Pioneers Hospital forms finance committee

January 30, 2001|By DARREN SIMON, Staff Writer

BRAWLEY — With officials of Pioneers Memorial Hospital here predicting a budget surplus by year's end, the hospital board has formed a finance committee to help monitor the financial condition of the hospital.

While the hospital has formed temporary finance committees in the past to review its budget, hospital officials said this is the first time the hospital will have a permanent committee that will meet each month.

Dan Heckathorne, Pioneers' chief financial officer, said the finance committee meetings will be open to the public. The first meeting has not been scheduled.

Two hospital board members, Katy Santillan and Aleta Shropshire, will be on the committee.

They will be joined by hospital staffers including Heckathorne and Pioneers' new chief executive officer, Richard Mendoza, expected to start in his job Feb. 5


Heckathorne said of forming the finance committee, "My sense is it will give a subcommittee of the board a chance to look at the financial reports in a more in-depth way."

He said the board and staffers talked about forming a permanent finance committee in the past. He said more recently the topic was discussed by board members and Tom Plantz, interim chief executive officer for Pioneers. Plantz will leave the hospital on Feb. 7.

The finance committee has been formed as the hospital reportedly is starting to recover from a two-year period in which it faced financial hardships.

Heckathorne said the hospital still is facing a shortfall of $294,511, but he said Pioneers is on track to overcome that shortfall and have a surplus by the end of the fiscal year in June.

In November the hospital had a sharp increase in business and had a surplus of nearly $254,000. In December the hospital had a surplus of $144,461.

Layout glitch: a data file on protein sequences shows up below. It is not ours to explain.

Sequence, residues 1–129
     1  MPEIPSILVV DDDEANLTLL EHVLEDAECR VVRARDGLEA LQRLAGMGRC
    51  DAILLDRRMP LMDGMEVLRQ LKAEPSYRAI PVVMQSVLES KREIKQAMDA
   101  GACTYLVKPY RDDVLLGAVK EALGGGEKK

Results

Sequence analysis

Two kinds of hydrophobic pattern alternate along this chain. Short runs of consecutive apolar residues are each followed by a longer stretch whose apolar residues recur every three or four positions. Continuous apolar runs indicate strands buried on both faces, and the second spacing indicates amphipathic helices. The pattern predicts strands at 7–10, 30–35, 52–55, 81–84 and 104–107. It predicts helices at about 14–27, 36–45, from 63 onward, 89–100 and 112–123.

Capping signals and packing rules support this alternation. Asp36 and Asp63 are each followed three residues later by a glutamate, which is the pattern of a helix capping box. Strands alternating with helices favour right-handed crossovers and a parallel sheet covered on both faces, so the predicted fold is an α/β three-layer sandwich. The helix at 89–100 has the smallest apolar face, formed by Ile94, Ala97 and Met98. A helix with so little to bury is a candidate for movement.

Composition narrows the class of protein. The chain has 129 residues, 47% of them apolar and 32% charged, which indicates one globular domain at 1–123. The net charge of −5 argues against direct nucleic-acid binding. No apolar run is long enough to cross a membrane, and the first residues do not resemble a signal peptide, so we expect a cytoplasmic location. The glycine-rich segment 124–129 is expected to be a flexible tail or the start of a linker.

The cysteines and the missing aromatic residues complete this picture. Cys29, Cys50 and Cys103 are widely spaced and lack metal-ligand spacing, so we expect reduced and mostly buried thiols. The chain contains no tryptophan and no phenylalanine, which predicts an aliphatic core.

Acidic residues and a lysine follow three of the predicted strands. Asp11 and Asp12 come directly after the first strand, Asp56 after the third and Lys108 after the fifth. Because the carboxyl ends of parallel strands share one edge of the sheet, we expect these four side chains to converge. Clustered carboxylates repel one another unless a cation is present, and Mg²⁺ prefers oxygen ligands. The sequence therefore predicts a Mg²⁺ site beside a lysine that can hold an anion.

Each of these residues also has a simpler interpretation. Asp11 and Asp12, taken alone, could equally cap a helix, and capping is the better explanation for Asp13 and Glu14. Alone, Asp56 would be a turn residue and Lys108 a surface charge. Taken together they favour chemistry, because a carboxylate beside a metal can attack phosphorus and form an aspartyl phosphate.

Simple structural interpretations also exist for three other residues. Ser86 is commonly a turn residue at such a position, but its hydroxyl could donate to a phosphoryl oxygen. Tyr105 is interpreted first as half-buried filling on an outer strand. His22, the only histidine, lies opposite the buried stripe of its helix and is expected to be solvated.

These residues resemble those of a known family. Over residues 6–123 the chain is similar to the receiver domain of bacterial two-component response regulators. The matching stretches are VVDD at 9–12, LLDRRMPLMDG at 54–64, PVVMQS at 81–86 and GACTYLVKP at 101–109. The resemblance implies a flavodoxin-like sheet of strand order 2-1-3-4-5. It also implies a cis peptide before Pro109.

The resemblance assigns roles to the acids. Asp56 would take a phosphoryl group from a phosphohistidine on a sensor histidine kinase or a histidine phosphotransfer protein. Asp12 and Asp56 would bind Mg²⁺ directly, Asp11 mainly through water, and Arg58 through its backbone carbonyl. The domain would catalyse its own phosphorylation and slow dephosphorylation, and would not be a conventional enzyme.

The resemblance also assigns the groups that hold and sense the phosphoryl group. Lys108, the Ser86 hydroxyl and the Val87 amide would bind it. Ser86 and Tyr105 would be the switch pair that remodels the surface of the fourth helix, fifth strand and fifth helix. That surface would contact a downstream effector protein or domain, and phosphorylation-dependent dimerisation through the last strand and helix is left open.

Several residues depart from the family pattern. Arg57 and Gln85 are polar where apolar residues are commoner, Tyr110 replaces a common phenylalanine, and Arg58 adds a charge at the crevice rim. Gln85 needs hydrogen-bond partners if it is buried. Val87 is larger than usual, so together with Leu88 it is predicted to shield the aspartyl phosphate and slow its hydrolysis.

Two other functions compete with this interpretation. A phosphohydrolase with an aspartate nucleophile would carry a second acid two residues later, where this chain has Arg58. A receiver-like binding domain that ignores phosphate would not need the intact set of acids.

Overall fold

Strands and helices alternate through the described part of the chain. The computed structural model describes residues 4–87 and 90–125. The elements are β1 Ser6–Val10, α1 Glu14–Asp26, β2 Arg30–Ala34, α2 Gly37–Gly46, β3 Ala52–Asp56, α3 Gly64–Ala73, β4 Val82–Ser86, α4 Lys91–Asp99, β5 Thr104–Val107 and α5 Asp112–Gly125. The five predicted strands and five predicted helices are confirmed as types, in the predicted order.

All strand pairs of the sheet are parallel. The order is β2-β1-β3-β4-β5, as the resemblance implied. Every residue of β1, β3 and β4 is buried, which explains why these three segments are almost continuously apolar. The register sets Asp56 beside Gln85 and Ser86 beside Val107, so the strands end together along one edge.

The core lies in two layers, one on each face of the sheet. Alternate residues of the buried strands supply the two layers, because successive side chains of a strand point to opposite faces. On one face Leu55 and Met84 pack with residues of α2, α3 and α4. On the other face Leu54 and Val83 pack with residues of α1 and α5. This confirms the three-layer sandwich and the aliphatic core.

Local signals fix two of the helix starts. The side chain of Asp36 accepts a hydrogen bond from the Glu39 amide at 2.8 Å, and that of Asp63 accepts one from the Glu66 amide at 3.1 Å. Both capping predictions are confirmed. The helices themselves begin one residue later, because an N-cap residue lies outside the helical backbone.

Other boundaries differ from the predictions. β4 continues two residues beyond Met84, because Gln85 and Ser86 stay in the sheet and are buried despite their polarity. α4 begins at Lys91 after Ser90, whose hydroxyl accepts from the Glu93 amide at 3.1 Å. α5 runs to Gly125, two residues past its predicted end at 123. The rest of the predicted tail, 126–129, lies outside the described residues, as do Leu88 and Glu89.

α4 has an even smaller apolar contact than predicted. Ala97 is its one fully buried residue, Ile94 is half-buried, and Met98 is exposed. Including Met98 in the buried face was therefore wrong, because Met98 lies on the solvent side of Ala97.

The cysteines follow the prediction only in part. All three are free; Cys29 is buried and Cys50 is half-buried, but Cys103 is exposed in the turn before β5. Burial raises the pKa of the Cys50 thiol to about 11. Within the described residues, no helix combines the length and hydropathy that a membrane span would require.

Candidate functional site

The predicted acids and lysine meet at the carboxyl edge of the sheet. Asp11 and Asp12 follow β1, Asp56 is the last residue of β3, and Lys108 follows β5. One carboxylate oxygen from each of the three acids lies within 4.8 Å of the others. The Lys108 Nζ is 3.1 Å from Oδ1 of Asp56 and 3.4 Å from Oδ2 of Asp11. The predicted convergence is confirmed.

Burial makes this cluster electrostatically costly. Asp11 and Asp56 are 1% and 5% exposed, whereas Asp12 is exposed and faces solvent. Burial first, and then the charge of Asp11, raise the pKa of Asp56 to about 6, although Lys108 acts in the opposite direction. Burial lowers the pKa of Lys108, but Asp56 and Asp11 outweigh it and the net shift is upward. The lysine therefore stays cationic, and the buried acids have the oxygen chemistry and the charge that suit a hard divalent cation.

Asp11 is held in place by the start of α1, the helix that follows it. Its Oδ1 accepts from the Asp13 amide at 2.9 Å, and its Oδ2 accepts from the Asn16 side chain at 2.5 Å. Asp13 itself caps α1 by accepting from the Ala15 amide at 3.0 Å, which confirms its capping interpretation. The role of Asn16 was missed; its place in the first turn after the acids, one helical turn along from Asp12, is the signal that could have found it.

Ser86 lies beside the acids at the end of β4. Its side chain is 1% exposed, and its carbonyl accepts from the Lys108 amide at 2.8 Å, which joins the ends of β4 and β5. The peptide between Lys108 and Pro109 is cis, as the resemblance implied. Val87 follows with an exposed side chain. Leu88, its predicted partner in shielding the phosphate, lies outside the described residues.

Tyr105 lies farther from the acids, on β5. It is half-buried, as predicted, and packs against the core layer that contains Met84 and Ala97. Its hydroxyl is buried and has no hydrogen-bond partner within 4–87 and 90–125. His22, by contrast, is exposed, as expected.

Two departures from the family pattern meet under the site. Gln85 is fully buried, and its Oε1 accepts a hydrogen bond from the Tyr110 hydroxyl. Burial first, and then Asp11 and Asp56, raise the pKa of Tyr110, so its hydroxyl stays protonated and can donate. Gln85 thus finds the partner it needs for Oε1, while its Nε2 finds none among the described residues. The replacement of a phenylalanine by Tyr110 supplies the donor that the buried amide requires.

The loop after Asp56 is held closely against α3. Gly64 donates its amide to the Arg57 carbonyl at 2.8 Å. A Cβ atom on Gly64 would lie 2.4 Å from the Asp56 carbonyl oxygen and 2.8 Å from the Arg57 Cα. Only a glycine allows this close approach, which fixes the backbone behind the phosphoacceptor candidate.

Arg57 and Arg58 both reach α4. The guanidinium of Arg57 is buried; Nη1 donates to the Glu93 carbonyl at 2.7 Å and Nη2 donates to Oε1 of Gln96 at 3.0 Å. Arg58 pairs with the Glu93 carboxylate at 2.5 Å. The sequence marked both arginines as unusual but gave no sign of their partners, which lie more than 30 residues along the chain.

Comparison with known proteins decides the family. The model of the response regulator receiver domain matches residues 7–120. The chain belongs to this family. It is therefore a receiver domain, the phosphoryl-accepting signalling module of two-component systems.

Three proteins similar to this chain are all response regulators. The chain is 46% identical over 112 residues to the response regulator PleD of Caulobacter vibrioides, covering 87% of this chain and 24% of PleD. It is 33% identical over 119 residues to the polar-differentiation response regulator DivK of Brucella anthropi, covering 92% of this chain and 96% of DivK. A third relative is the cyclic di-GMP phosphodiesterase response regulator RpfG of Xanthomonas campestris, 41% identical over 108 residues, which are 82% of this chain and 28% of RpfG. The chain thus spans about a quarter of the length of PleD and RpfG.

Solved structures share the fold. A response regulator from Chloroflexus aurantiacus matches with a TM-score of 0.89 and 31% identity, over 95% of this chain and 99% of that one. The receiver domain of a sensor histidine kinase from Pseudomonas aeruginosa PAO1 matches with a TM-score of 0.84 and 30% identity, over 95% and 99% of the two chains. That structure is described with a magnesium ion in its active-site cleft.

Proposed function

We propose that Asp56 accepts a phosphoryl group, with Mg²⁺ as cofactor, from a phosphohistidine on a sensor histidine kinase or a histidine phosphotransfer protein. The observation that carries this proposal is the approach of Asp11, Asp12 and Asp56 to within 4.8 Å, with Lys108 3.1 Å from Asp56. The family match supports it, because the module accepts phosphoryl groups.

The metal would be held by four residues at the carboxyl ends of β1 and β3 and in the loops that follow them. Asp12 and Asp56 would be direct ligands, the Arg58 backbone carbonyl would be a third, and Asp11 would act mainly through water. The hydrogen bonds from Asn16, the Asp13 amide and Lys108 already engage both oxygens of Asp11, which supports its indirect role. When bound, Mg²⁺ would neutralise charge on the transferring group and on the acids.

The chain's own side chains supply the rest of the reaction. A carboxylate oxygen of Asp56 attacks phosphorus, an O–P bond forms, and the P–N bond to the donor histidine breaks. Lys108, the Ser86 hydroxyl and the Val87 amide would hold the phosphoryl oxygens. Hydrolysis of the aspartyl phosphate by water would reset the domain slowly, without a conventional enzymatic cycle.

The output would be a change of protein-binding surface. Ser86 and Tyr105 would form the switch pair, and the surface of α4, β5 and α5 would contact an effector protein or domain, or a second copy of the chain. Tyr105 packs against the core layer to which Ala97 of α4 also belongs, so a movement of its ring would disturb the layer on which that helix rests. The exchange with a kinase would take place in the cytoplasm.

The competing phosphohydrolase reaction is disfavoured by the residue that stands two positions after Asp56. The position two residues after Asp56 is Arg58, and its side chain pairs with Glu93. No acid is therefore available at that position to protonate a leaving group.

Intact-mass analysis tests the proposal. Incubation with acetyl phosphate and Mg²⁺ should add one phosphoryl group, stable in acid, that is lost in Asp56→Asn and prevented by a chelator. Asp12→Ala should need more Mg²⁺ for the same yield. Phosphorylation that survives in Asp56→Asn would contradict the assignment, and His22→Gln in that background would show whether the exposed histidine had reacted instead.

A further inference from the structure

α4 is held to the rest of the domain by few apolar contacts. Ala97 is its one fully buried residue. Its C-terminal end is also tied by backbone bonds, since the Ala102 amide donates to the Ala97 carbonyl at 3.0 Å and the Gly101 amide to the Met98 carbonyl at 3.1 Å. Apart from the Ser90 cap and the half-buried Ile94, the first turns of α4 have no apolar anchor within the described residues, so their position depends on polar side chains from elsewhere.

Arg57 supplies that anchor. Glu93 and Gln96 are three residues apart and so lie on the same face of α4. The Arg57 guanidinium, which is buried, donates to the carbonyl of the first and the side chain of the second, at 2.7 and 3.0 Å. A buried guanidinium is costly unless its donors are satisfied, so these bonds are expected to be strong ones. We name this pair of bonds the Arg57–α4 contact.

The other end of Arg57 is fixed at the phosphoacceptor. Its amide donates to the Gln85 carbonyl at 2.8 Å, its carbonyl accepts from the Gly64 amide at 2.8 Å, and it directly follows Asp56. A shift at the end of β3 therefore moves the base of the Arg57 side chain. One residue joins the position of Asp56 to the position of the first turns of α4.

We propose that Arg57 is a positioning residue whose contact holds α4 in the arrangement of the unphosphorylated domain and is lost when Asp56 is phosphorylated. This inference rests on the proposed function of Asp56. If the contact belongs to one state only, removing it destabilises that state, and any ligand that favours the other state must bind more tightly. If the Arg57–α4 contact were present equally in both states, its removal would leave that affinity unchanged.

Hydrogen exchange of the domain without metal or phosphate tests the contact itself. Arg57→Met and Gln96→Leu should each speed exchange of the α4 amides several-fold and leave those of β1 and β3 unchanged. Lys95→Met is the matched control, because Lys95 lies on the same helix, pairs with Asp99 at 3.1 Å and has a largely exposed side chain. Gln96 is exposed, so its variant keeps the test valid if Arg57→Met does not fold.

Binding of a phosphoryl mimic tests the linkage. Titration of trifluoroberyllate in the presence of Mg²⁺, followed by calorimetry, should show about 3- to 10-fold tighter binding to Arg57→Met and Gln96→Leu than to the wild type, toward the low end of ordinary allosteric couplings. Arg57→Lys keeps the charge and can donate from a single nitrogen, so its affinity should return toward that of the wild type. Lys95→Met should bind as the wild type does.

Heckathorne said each month the hospital experiences a surplus, the overall shortfall is reduced.

During a recent board meeting when the hospital's financial condition was discussed, Santillan pointed out it is important to note that surpluses in November and December were due in large part to the property tax assessment charged by the hospital.

The board last year approved an assessment on property taxes paid by those in the hospital district to cover the cost of a $24 million bond used to build the new emergency, surgery and women's center facilities.

The assessment raises about $1.9 million annually. Heckathorne said it is necessary to charge the assessment to give the hospital time to build its reserves. Once the hospital is stronger financially, the goal is to end the assessment.

"I don't know how quick that will be, but that is the goal," he said.

In regard to the finance committee, Heckathorne said there will be an announcement when the first meeting is scheduled. There will be a finance committee meeting in February.

Staff Writer Darren Simon can be reached at 337-4082.

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